# Simplified Travelling Salesman in Prolog

I've looked through the similar questions but can't find anything that's relevant to my problem. I'm struggling to find an algorithm or set of 'loops' that will find a path from `CityA` to `CityB`, using a database of

``````distance(City1,City2,Distance)
``````

facts. What I've managed to do so far is below, but it always backtracks at `write(X),` and then completes with the final iteration, which is what I want it to do but only to a certain extent.

For example, I don't want it to print out any city names that are dead ends, or to use the final iteration. I want it to basically make a path from `CityA` to `CityB`, writing the name of the cities it goes to on the path.

I hope somebody can help me!

``````all_possible_paths(CityA, CityB) :-
write(CityA),
nl,
loop_process(CityA, CityB).

loop_process(CityA, CityB) :-
CityA == CityB.
loop_process(CityA, CityB) :-
CityA \== CityB,
distance(CityA, X, _),
write(X),
nl,
loop_process(X, CityB).
``````
-

I tried to demonstrate how you can achieve what you're working on so that you can understand better how it works. So since your OP wasn't very complete, I took some liberties ! Here are the facts I'm working with :

``````road(birmingham,bristol, 9).
``````

Here is the predicate we will call to find our paths, get_road/4. It basically calls the working predicate, that has two accumulators (one for the points already visited and one for the distance we went through).

``````get_road(Start, End, Visited, Result) :-
get_road(Start, End, [Start], 0, Visited, Result).
``````

Here is the working predicate,
The first clause tells that if there is a road between our first point and our last point, we can end here.

``````get_road(Start, End, Waypoints, DistanceAcc, Visited, TotalDistance) :-
reverse([End|Waypoints], Visited),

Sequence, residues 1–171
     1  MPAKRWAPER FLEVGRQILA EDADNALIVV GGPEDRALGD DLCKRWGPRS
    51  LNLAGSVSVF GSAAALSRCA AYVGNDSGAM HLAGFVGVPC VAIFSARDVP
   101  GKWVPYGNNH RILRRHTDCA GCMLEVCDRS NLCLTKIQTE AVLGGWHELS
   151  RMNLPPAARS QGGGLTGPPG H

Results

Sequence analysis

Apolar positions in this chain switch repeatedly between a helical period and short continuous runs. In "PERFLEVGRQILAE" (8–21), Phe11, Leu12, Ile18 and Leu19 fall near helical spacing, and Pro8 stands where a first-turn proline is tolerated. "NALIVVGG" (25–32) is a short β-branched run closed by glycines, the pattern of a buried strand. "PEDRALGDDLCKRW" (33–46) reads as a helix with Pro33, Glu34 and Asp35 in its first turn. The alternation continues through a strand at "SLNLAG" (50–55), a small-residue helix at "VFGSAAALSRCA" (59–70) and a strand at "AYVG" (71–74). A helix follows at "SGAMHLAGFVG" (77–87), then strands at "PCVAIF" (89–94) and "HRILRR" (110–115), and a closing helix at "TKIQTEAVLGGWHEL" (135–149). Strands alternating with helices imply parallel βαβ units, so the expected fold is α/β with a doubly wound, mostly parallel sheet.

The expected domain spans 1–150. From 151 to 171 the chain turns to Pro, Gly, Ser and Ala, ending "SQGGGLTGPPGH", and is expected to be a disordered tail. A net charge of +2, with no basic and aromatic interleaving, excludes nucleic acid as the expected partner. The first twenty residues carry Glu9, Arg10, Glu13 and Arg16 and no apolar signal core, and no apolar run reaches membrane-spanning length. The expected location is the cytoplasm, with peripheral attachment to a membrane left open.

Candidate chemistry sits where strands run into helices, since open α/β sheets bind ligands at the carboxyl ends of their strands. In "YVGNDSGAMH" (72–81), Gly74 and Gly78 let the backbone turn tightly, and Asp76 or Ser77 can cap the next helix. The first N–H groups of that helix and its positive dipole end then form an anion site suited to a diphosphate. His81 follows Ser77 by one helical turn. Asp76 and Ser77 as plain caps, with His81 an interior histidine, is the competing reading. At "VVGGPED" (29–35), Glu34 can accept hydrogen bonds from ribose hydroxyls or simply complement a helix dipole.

TotalDistance is DistanceAcc + Distance.
``````

The second clause tells that if there is a road between our first point and an intermediate point, we can take it and then solve get_road(intermediate, end).

``````get_road(Start, End, Waypoints, DistanceAcc, Visited, TotalDistance) :-
\+ member(Waypoint, Waypoints),
NewDistanceAcc is DistanceAcc + Distance,
get_road(Waypoint, End, [Waypoint|Waypoints], NewDistanceAcc, Visited, TotalDistance).
``````

Usage is as follows :

``````?- get_road(portsmouth, plymouth, Visited, Distance).
``````

And yields :

``````Visited = [portsmouth, plymouth],
Distance = 8 ;
Visited = [portsmouth, london, plymouth],
Distance = 9 ;
Visited = [portsmouth, plymouth, london, plymouth],
Distance = 18 ;
false.
``````

I hope it will be helpful to you.

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You sir, have gone above and beyond the call of duty! This is incredible, it is perfect and it actually makes sense! Sorry I'm such a dummy, I'm really new to prolog and while quite a lot of it has come very naturally I've really struggled with this task. Thank you so much so so sooooo much :] –  g.a.kilby Nov 29 '11 at 23:17
do not hesitate to post further questions if you struggle again to understand this code, I or others will answer them in comments :) –  m09 Nov 29 '11 at 23:23

Please separate the pure part from the impure (I/O, like `write/1`, `nl/0` but also `(==)/2` and `(\==)/2`). As long as they are entirely interlaced with your pure code you cannot expect much.

Probably you want a relation between a starting point, an end point and a path in between.

Should that path be acyclic or do you permit cycles?

To ensure that an element `X` does not occur in a list `Xs` use the goal `maplist(dif(X),Xs).` You do not need any further auxiliary predicates to make this a nice relation!

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Once a city has been used, it cannot be used again in the same path. So, acyclic. Also what do you mean by pure and impure? –  g.a.kilby Nov 29 '11 at 22:52
I added an explanation above. –  false Nov 29 '11 at 23:04
thank you for your help! :] –  g.a.kilby Nov 29 '11 at 23:18

You should return a successful list as an Out variable in all_possible_paths. Then write out that list. Don't do both in the same procedure.

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thank you for your help :] –  g.a.kilby Nov 29 '11 at 23:19